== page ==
“Tell me what time my appointment is.” This is an entire email sent to me from a first-year college student in Fall 2014. As someone who works in the professional world, but also as a millennial who existed in the world before email and texting became mainstream, I am concerned by these types of emails. At the risk of sounding like the elderly man from “Up,” I just have to give some advice on professional emailing writing to our young generation. It is our love of quick texts, Snapchat, and Facebook messenger that has gotten us into trouble, and before we continue on this dangerous pattern, we need to focus on improving our habits now.
- Let’s start with a subject line. This is highly necessary, as many people you will be emailing receive dozens of emails a day. Make the subject line concise and informative. If you are emailing about an upcoming meeting, you can write something like, “Meeting on February 11.”
- After you’ve done that, start your email off with a professional salutation, such as “Dr. Smith” or “Professor.” You should only refer to someone with their first name if you have been told this is okay. If you are worried about not knowing how to address an individual, something as simple “Hello” or “Good morning” is alright, too.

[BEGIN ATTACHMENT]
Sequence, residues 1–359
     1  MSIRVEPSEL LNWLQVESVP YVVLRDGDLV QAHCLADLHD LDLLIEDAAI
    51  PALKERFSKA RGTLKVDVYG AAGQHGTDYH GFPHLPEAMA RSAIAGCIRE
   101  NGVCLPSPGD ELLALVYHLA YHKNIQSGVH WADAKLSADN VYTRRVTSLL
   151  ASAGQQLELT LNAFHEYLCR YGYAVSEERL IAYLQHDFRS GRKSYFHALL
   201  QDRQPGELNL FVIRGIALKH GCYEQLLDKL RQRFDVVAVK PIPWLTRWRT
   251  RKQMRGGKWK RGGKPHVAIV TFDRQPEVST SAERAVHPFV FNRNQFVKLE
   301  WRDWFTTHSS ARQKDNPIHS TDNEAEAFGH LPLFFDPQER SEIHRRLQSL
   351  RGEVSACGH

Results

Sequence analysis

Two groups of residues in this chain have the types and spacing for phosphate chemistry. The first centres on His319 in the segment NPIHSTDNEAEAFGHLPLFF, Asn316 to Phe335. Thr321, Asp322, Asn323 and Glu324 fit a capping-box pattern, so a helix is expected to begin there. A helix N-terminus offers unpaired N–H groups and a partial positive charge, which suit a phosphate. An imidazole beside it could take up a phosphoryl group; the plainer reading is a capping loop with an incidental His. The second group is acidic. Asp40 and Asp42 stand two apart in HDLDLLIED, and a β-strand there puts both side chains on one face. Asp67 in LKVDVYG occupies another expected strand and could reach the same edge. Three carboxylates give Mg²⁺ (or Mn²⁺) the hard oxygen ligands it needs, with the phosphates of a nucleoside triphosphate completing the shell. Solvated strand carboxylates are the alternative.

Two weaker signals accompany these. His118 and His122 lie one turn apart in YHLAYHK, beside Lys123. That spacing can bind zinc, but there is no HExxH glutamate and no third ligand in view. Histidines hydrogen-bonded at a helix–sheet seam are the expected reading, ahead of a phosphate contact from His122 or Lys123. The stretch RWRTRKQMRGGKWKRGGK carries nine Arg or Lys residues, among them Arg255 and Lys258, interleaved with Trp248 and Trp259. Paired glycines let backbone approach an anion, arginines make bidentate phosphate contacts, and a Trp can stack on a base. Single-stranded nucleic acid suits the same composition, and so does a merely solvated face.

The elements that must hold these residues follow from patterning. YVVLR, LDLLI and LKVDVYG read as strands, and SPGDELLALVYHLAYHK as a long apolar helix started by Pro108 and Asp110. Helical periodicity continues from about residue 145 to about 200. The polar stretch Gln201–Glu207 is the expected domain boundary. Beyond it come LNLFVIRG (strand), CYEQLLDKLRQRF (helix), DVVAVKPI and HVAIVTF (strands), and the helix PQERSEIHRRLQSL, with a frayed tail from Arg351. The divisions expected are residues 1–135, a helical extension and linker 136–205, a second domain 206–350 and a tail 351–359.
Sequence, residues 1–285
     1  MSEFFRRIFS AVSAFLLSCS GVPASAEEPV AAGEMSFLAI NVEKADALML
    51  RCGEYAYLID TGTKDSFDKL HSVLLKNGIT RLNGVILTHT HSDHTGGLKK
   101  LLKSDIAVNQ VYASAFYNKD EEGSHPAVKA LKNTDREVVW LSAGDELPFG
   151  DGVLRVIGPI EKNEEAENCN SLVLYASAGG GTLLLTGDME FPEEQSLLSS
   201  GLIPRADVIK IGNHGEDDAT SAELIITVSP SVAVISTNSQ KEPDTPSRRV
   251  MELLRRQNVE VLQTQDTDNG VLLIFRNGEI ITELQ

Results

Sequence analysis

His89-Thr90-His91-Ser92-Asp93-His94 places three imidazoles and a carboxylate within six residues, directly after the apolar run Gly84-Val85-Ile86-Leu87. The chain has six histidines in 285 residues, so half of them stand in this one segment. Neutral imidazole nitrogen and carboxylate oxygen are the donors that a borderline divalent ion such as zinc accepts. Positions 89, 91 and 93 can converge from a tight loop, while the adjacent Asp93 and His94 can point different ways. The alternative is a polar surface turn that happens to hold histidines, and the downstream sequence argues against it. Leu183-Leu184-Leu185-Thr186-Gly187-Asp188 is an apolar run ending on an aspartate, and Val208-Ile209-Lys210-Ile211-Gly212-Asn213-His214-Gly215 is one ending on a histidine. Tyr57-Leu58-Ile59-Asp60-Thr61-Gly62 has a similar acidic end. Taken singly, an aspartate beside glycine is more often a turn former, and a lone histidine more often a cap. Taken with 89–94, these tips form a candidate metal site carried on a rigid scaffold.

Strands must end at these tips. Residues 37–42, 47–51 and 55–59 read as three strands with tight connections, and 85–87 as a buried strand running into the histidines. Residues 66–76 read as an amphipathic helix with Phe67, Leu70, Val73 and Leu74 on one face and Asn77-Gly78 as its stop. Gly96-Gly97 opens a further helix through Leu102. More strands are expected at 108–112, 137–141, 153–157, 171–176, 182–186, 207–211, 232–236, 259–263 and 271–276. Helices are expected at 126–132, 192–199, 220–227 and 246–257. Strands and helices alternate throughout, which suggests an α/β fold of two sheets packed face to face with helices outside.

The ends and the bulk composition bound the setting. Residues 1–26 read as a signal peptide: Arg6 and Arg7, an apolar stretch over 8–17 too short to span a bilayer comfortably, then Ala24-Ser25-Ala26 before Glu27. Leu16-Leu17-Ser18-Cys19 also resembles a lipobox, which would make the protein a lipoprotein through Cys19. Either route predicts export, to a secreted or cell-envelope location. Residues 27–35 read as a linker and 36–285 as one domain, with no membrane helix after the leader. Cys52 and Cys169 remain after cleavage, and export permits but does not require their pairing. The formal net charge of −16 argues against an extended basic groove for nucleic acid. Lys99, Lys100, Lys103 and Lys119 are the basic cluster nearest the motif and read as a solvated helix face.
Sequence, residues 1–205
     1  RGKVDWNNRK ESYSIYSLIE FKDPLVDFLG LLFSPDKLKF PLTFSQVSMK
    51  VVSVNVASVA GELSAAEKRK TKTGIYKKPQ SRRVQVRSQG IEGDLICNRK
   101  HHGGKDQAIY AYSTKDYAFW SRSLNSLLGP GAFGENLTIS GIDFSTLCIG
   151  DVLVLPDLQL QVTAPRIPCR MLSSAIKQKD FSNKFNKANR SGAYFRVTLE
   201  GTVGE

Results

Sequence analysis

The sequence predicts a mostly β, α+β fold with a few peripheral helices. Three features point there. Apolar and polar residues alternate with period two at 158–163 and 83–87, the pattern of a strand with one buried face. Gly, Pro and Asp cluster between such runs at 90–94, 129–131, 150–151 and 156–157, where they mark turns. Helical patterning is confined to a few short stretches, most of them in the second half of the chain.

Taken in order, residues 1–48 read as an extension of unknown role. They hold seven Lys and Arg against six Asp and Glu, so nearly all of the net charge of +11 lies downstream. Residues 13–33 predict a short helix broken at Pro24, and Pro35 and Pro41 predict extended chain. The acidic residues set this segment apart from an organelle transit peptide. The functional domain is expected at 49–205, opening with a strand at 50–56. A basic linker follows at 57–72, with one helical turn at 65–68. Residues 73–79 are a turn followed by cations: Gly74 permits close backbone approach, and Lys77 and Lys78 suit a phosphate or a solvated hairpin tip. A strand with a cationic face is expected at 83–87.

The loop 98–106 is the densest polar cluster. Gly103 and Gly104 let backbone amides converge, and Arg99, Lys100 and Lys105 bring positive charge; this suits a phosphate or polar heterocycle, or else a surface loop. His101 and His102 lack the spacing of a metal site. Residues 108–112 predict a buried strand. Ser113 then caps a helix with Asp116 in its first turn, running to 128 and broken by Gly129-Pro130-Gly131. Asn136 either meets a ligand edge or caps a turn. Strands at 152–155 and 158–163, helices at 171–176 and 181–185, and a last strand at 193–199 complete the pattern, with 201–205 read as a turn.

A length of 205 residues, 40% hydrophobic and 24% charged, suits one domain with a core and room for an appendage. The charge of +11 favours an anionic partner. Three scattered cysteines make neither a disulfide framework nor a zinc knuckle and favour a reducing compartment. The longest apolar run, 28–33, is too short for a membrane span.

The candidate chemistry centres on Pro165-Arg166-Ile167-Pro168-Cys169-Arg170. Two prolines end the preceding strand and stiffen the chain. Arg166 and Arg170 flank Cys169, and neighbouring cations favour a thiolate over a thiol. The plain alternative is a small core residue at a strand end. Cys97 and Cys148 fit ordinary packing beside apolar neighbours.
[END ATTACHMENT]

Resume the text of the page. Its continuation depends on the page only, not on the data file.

- The body of the email should be informative, as well. Give some context and reminder about what you are writing about, but make sure and get to the point as quick as you can. Also, separate what you’re talking about into different paragraphs. The last thing someone wants to read is a huge block of text.
- End your email with a professional closing remark. Something like, “Best regards” or “Thank you” works well. If you are feeling especially ambitious, you can also craft a signature to attach on all your emails. A signature should have your name, but can also include what you are studying, what you are involved in, and your phone number if you feel safe about giving that information out.
So to wrap up…no emails are perfect. This is especially true, as written communication is difficult. However, always think to yourself if what you’re writing is clear, concise, informative, and, most importantly, professional. If your email does not have a subject line and follow a professional format, you have not accomplished the qualities needed for a successful message. It’s tempting of our generation to do things quickly over electronics, but just remember that professional writing isn’t just cover letters, résumés, and thank you cards anymore. Everything you write and send has a bearing on how you will be perceived by others.
Picture courtesy of: http://siliconangle.com/blog/2013/05/23/how-to-switch-email-services-easily-keep-all-your-mails-contacts/email-logo/